In this case, there is no dispute that the arbitration email was sent to plaintiff's company email and viewed by someone accessing her account using her username and password. Therefore, under Tinder, to create a genuine issue of material fact on the issue of the formation of the arbitration agreement, plaintiff was required to come forward with some evidence, other than her own statement that she did not see the email sent to her account, that would raise an issue of fact concerning the formation of the arbitration agreement. Plaintiff has not done that here, and therefore, has failed to create a genuine issue of material fact on issue of formation of the arbitration agreement.

Plaintiff makes several other arguments in an attempt to call into question the arbitration agreement. First, plaintiff argues that there was no offer because plaintiff never saw the arbitration email. (DE # 13 at 4-9.) As discussed in more detail above, however, plaintiff has not raised a genuine issue of material fact on whether the parties are bound by a contract to arbitrate, and plaintiff's argument fails.

Next, plaintiff argues that she never accepted the arbitration agreement because neither party signed the agreement. (DE # 13 at 6.) In response, defendant argues that plaintiff accepted the agreement by failing to opt out by the required deadline. (DE # 11 at 5.)

Under Indiana law, "the validity of a contract is not dependent upon the signature of the parties, unless such is made a condition of the agreement.... However, some form of assent to the terms of the contract is necessary." Int'l Creative Mgmt., Inc. v. D & R Entm't Co., 670 N.E.2d 1305, 1312 (Ind.Ct.App. 1996) (citation omitted); see also Kreimer v. Delta Faucet Co., No. IP99-1507-C-TG, 2000 WL 962817, at *3 (S.D. Ind. June 2, 2000).[5] In this case, nothing in the arbitration agreement required that the agreement be signed. (DE # 11-1 at 7.) Both the arbitration email (DE # 11-2 at 7) and the arbitration agreement ( id. at 9) were very clear that any employee that wanted to opt out could do so, but if the employee did not opt out by the deadline, they would be bound by the arbitration agreement. Plaintiff did not opt out of the agreement by the deadline (DE # 11 at 3), [6] and therefore assented to the terms of the agreement. D & R Entm't Co., 670 N.E.2d at 1312; see also Buschman v. ADS Corp., 782 N.E.2d 423, 428 (Ind.Ct.App. 2003) ("Assent to the terms of a contract may be expressed by acts which manifest acceptance.").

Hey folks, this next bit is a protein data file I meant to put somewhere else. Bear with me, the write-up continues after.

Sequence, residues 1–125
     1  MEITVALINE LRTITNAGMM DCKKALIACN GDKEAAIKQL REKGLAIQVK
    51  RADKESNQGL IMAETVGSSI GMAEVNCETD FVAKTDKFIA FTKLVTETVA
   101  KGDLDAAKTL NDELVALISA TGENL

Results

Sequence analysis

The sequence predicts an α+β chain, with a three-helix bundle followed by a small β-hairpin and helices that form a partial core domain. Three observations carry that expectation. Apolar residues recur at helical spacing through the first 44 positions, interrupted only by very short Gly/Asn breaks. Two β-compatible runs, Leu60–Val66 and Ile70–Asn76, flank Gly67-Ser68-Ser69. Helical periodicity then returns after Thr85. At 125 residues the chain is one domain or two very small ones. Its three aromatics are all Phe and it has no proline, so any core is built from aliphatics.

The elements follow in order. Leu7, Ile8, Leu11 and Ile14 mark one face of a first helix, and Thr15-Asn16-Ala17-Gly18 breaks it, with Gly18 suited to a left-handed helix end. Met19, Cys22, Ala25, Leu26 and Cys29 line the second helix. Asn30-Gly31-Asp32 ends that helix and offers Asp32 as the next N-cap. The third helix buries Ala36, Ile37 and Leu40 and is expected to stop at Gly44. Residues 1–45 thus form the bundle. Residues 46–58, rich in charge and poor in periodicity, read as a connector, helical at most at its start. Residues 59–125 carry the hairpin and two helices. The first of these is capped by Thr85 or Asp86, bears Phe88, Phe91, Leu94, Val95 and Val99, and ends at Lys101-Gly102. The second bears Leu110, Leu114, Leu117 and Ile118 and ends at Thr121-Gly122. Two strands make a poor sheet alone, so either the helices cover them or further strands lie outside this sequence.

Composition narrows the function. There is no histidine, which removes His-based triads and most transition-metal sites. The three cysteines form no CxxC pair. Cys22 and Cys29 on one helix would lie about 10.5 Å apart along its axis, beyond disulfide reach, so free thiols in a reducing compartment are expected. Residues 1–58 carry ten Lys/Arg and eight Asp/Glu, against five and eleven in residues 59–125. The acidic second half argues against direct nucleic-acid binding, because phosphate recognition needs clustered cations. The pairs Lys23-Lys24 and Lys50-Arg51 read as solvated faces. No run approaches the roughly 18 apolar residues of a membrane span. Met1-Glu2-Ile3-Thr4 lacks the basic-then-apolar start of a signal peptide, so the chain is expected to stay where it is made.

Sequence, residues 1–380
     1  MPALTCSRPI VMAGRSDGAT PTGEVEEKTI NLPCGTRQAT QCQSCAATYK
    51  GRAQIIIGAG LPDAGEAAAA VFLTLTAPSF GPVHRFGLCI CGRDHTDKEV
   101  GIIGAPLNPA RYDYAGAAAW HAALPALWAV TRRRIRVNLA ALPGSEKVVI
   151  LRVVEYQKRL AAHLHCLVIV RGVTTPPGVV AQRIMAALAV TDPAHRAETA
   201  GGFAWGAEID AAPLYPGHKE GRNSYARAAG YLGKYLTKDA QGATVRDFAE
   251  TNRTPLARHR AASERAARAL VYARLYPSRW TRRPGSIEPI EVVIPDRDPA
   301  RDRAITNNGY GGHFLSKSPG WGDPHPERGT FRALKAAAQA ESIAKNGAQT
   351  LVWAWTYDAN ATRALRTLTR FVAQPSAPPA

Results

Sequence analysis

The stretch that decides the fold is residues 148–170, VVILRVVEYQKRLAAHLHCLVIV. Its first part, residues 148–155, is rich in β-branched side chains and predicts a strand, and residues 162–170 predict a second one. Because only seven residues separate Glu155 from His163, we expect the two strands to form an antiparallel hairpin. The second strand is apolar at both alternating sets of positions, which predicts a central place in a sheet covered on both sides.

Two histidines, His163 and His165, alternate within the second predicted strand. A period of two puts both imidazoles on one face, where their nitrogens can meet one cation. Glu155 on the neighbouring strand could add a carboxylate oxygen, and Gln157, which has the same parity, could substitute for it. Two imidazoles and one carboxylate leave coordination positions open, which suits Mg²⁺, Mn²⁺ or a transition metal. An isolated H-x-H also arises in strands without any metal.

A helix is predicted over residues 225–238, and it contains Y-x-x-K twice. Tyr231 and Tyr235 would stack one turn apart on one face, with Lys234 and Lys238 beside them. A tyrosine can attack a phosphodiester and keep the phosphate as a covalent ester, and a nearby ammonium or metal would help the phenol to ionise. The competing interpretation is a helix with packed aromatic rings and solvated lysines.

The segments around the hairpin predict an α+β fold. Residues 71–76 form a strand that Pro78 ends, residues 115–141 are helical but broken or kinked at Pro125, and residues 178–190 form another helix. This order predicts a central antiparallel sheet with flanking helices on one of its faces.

Plaintiff also argues that the arbitration agreement should not be enforced because there was no consideration. (DE # 13 at 8.) In response, defendant argues that the promise by both plaintiff and defendant to give up their right to a jury trial constitutes consideration. (DE # 11 at 7.)